Bank of Israel Policy Rate Kept at 0.75%

September 24, 2009

The Bank of Israel was one of many central banks that enacted several cuts in its policy interest rate during 4Q08 and 1Q09.  Two cuts totaling 75 basis points were announced last October, followed by two more cuts in November of 50 bps each, single cuts of 75 bps in December and again in January, and finally single 25-bp reductions in February and March.

The Bank of Israel remains the only central bank to increase its key rate after such a sharp series of declines.  However, the 25-bp increase to 0.75% announced last month was not lifted further after this month’s meeting.  A statement from the Bank of Israel today stressed the facts that other central banks are not likely to increase rates over the next few months, and unilateral tightening by Israel might subject the shekel to excessive upward pressure at a time of continuing uncertainty about the coming economic recovery.  Inflation of 3.1% lies above the 1-3% target ceiling, but it is expected to settle down into range as effects of a VAT increase fade and amid a soft labor market.  No hint is provided regarding the likely timing of a second rate increase.  However, today’s decision was not presented as a tactical pause, and the specific reason for not tightening today will be equally valid when the next interest rate announcement is made on October 26th.  I tend to doubt that a rate hike will occur then.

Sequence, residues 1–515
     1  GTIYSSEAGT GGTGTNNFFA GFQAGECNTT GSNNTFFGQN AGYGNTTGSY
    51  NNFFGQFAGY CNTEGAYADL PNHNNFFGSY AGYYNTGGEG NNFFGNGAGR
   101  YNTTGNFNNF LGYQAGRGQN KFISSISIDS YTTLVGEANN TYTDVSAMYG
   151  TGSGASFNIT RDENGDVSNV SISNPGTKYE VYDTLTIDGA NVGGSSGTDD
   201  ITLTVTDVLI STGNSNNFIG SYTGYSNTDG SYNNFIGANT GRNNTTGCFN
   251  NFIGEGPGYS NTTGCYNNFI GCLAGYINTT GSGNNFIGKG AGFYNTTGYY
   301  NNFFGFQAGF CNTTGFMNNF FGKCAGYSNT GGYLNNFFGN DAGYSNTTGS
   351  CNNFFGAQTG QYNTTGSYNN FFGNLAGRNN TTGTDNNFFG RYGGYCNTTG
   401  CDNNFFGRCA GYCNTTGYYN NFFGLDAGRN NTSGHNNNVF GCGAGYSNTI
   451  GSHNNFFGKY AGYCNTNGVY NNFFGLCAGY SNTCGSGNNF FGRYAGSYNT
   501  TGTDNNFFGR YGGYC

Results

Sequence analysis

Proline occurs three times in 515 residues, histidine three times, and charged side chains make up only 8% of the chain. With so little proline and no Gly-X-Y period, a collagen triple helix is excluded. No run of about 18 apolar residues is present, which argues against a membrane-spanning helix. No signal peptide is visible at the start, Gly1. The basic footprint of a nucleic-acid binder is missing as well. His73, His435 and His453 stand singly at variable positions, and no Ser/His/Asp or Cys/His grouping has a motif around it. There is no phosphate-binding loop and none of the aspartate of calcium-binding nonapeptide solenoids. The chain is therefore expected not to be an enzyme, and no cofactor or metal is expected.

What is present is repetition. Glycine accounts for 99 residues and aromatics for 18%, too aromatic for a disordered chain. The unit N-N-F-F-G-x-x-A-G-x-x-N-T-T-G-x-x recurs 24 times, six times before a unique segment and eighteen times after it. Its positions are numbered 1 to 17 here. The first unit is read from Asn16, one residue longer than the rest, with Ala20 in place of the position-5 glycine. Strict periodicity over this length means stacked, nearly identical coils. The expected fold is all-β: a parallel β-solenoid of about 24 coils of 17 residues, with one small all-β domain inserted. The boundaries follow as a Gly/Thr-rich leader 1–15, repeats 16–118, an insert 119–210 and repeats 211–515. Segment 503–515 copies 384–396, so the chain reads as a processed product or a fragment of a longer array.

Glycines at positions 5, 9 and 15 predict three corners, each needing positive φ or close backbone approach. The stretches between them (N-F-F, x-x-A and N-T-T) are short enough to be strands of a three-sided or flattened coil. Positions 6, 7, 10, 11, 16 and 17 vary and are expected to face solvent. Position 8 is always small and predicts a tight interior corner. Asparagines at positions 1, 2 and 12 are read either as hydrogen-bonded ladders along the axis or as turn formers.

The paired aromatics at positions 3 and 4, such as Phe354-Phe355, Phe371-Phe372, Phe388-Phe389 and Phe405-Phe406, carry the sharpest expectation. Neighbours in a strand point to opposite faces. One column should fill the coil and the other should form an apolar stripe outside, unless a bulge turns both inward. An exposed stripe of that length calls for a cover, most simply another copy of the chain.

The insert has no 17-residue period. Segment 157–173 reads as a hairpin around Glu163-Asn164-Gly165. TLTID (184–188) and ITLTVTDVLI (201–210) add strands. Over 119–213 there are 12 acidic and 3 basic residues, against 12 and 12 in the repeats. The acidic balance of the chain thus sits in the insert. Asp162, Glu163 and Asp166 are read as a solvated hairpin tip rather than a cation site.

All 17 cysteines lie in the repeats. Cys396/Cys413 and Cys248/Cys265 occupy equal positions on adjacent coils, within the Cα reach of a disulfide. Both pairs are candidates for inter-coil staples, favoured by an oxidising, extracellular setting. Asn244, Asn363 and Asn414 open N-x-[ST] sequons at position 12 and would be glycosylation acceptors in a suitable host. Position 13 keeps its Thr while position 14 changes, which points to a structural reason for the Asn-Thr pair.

Central banks in the United States, Norway, Taiwan, Hong Kong, the Czech Republic, South Africa, and Israel have so far announced interest rate decisions this week.  Each one decided not to change rates.  Tomorrow we hear from Colombia’s central bank, and its choice is also likely to be to leave rates as they are.

Copyright Larry Greenberg 2009.  All rights reserved.  No secondary distribution without express permission.


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